No Barriers Here© was developed in 2019 by The Mary Stevens Hospice, Dudley Voices for Choice and an Arts Psychotherapist as a co-produced project to improve advance care planning and access to palliative and end of life care for people with learning disabilities. The team adopted a public health approach to palliative care aiming to explore a more equitable method for people with learning disabilities to participate in advance care planning conversations. A series of workshops were co-designed and delivered outside of the clinical environment using arts-based methods. The workshops guided people through the core principles of advance care planning conversations with participants invited to collaborate towards a large community alternative advance care plan quilt and a film. The programme, funded by the Masonic Charitable Foundation and managed by Hospice UK, was awarded Hospice UK ‘Innovation in Tackling Inequalities Award’ 2021 and finalists for The National Learning Disabilities and Autism Awards 2021 and NHS Improvement Awards in the ‘Improving in Co-production’ category.
In April 2021, The Mary Stevens Hospice was awarded funding by NHS Charities Together for a research study and education programme to improve care at the end of life for Black, Asian and ethnic populations within the Black Country using No Barriers Here©. In Partnership with The Dudley Group NHS Foundation Trust and in co-production with people from Black, Asian and ethnic communities the study includes No Barriers Here© advance care planning workshops to address inequalities for people who may be excluded due to identity, culture, ethnicity or race.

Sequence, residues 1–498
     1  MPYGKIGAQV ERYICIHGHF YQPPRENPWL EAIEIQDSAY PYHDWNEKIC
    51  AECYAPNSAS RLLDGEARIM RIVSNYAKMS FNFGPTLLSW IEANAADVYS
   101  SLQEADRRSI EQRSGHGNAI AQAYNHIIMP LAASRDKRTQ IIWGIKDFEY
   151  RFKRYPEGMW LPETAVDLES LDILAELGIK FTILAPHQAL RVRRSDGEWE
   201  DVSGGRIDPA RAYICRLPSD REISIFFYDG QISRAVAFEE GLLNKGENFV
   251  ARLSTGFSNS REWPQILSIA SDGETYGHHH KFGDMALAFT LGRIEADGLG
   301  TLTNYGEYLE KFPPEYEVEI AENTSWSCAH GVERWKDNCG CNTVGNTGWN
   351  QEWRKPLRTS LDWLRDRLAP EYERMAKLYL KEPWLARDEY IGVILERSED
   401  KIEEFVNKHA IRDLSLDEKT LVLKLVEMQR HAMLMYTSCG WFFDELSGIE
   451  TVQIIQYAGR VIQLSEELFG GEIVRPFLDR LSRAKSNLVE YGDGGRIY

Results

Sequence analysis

No Barriers Here© is proving to be an essential tool for advance care planning conversations and additional funding has been received as part of the Hospice HOPE programme to deliver No Barriers Here© workshops in hostels and homeless housing support services.
A facilitator training programme is available for healthcare professionals.
Arts-based methods have been used to amplify the voices of marginalised groups, people and communities throughout history. Art-making and creativity are both innately human instincts and can act as great levellers. In recent years, developments in neuroscience and understandings of the impact of trauma have highlighted the need for less verbal approaches for some groups and communities. When used with people and groups who experience similar exclusion, these methods have found to be an excellent way to have deeper, safer, broader, more meaningful conversations about care at the end of life.
“No Barriers Here© unapologetically shines the light on the issue for those of us from minoritized groups. It is not us that are hard to reach, it is the barriers that need dismantling.”Dr Jamilla Hussain, Palliative Medicine Doctor and Research Fellow
“This is absolutely brilliant. Thank you for inspiring all of us to talk about our end of life wishes.”Dr Kathryn Mannix, Retired Palliative Medicine Physician and author of ‘With the End in Mind’